Ethereum killers are rival blockchains that attempt to outperform Ethereum in some way. What is their claim to fame? First, each of these networks provides a framework for the development and deployment of decentralized applications. Secondly, they use smart contracts similar to those found on the Ethereum blockchain.
To say you’re an Ethereum killer implies you’re capable of providing something superior to what Ethereum currently offers. In recent years, the Ethereum blockchain has displayed certain scalability concerns.
Ethereum 2.0, a proof-of-stake (PoS) blockchain, is currently in development after the London hard fork, which introduced key changes such as the Ethereum Improvement Proposal 1559 (EIP-1559). The impact of the hard fork is still hotly debated among cryptocurrency enthusiasts.
Below is a look at Ethereum’s main competitors.
The goal of this blockchain is to solve the scalability issues once and for all. This means that the blockchain can efficiently handle transactions on multichain. There are many different chains in the Polkadot network, and they are all connected to each other in a sharded manner. Because of blockchain congestion, older networks like Bitcoin are experiencing problems.
While Polkadot is still in its infancy, it already offers more economic scalability by allowing a single group of validators to secure several blockchains at once. When validating transactions, the network operates in parallel chains, known as parachains.
Solana (SOL) is generating buzz since it has the potential to process 65,000 transactions per second, compared to the seven transactions per second that the Bitcoin blockchain can manage.
When you use SOL, transactions are settled instantly and in a fraction of a second. Solana has found a way to do this using a cryptographic time stamping mechanism that can currently handle 65 000 transactions per second, which is incredible.
Currently, the fee per transaction on this platform ranges between $0.00025 and $0.0001. This is in comparison to the about 3% fee charged by Visa, the $5 fee charged by Bitcoin, and the $10-$65 fee charged by Ethereum, depending on network traffic.
When Ethereum 2.0 becomes live, it will have a significant impact on transaction speed and prices, with the ultimate goal of reaching 100 000 transactions per second. However, we’re still a long way off.
Charles Hoskinson, a co-founder of Ethereum, launched Cardano as a competitor to his earlier project. Due to its research-intensive design, it undergoes rigorous testing and peer review before going into any stage of development.
That’s great in theory, but it also means that Cardano may be dragging its feet and is only now beginning to roll out its smart contract functionality. However, it will take a long time for Cardano to catch and overtake Ethereum. This third-generation cryptocurrency is more scalable and ecologically friendly, and because it is being developed in a gradual and steady manner, the ultimate result will almost certainly be far more durable.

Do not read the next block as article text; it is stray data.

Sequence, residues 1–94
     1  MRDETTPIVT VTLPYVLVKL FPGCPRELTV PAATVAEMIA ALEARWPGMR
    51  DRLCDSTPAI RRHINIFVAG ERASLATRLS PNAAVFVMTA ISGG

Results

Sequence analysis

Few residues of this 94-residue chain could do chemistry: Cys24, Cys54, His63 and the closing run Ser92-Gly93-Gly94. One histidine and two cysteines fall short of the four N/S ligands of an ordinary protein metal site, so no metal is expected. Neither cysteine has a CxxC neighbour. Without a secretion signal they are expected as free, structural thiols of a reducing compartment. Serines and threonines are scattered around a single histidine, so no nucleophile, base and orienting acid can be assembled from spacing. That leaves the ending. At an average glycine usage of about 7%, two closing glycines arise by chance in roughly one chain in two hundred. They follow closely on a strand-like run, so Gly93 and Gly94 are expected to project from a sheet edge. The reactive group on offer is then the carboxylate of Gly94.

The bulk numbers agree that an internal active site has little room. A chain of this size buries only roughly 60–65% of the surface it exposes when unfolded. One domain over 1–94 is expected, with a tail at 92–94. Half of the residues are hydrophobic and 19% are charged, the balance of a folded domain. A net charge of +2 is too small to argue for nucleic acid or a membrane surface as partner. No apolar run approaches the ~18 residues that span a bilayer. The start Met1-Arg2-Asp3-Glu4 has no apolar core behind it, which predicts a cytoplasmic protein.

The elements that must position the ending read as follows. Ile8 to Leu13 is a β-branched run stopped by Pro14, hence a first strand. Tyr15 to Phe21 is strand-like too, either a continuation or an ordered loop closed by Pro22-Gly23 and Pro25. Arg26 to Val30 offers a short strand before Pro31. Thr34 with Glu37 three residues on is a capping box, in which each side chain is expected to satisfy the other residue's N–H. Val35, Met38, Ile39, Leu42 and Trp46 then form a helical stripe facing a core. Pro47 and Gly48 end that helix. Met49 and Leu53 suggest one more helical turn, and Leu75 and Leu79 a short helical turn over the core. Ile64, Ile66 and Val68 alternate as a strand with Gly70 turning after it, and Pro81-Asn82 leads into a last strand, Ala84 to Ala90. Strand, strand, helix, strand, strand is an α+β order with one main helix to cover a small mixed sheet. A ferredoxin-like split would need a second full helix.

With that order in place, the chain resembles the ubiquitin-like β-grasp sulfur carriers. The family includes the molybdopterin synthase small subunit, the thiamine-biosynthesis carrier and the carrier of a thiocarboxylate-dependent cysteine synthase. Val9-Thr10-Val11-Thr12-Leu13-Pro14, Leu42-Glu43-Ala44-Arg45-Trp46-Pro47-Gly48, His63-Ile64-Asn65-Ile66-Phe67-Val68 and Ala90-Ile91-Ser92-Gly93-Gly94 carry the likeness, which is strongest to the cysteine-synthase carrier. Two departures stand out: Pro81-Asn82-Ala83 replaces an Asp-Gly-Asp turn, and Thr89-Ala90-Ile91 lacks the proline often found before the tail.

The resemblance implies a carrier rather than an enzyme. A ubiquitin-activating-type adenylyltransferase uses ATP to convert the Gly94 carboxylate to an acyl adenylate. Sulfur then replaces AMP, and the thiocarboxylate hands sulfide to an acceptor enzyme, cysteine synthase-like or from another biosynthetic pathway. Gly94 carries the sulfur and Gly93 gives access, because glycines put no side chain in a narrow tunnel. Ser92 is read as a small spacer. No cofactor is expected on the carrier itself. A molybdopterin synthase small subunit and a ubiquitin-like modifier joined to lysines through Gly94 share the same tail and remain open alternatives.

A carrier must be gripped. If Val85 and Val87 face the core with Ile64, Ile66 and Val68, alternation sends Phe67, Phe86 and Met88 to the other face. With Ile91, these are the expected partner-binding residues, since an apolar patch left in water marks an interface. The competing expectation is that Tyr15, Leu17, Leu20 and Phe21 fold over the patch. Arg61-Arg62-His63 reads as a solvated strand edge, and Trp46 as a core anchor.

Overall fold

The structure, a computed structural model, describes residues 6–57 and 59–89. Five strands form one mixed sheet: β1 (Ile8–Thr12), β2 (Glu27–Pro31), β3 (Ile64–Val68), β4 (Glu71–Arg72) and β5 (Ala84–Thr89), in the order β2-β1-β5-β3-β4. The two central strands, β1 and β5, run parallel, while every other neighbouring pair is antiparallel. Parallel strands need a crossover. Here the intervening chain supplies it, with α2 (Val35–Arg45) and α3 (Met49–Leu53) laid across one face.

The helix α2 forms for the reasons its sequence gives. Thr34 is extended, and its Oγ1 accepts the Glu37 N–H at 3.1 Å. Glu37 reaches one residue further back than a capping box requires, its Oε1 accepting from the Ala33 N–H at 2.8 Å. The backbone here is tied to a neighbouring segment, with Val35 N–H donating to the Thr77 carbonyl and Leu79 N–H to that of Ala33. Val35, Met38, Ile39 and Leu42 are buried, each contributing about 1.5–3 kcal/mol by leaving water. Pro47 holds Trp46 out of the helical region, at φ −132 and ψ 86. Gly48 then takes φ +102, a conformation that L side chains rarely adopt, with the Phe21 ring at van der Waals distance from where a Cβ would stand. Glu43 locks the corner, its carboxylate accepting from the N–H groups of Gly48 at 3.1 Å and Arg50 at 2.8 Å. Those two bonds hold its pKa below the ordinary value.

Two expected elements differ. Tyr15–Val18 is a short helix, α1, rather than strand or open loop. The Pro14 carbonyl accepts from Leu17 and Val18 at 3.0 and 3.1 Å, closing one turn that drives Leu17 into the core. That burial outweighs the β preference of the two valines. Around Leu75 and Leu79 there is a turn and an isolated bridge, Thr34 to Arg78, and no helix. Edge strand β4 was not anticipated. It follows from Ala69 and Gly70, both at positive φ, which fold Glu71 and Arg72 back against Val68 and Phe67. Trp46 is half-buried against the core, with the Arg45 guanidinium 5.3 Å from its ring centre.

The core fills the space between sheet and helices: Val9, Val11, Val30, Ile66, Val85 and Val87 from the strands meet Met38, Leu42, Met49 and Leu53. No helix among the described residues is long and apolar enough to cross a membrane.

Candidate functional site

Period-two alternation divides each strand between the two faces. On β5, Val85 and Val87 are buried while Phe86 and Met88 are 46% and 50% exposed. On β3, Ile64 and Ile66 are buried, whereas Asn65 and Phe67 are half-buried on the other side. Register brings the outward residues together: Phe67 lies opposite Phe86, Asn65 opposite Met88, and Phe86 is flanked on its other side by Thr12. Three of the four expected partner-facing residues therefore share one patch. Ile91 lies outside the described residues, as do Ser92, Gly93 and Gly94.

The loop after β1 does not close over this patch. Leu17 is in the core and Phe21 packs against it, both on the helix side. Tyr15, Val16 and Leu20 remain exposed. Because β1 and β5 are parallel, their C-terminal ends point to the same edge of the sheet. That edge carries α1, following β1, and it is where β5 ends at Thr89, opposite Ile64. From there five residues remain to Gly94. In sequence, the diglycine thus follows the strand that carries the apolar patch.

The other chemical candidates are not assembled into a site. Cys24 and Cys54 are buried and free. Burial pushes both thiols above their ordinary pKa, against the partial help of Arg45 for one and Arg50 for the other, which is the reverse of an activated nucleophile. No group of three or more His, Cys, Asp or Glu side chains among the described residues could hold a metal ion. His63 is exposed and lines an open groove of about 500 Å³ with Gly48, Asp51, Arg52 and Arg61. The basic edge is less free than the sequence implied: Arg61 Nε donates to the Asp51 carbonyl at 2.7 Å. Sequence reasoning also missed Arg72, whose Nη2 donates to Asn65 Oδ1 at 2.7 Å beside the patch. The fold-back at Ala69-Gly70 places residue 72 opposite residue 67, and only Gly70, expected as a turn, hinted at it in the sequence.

Binance Smart Chain
Some may be surprised to see Binance on this list, given its prominence as a cryptocurrency exchange. However, it’s the Binance Smart Chain that sets BNB apart. It has a programmable blockchain, just like Ethereum. Project developers may now use the Binance trading platform to reach out to potential investors, which sets it apart from the competition. These two elements work well together.
While authorities throughout the world have clamped down on some of Binance’s riskier products, it should be remembered that the company has recently faced numerous regulatory problems.
The more centralized mechanism of Binance has also been criticized. Decentralization has some appeal since it eliminates the need for middlemen like blockchains. It’s more like centralized decentralization when Binance places itself in the middle.
What do the statistics show?
On-chain statistics show that despite great advances in these “Ethereum killer” networks’ native tokens, Ethereum’s usage and volumes still eclipse the rest of the market for NFTs and smart contracts.
The market capitalization of Ethereum already exceeds $450 billion, making it much more valuable than the rest of the altcoins and “Ethereum killer” market. Cardano has a market valuation of $71 billion, while Solana has a market cap of $47 billion, BSC $77 billion, and Polkadot $39 billion. The combined market capitalization of the so-called “Ethereum killers” is still just about 52% of Ethereum’s worth.
In addition, the total volume locked (TVL) in Ethereum-based DeFi protocols is $118 billion, according to DappRadar statistics. The second most utilized blockchain network is BSC, with a TVL of $23.9 billion, or approximately 20% of Ethereum’s.
Adoption is a major issue for all of these coins. Making groundbreaking new technology is one thing; getting people to use it is quite another. Since over 80% of decentralized applications (dApps) are created on Ethereum’s network, any Ethereum competitor will have a long way to go before being able to compete with Ethereum.
Ethereum could be dethroned by one of the coins on the above list, but it’s more probable that multiple different programmable blockchains will emerge. In fact, the majority of the projects listed here state that they intend to work in tandem with Ethereum rather than replace it.
The term “Ethereum Killer,” when examined closely, is more of a perception than fact. While the competing blockchains are impressive, Ethereum is head and shoulders above the rest. At this point in time, Ethereum’s dominance over the other cryptocurrencies looks just as solid as that of Bitcoin.
Ethereum had a market cap of $450 billion at the time of publication and was still rising. This amount is greater than the combined value of all the Ethereum killers. Ethereum also has an overwhelming lead, thanks to DeFi.
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